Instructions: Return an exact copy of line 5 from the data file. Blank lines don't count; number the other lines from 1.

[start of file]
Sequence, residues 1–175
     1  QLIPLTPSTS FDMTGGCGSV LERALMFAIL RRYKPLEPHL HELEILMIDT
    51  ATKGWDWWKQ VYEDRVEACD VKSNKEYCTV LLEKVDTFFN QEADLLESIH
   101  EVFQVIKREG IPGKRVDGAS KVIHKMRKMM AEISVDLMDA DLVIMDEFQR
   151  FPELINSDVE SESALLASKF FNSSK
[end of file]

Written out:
   151  FPELINSDVE SESALLASKF FNSSK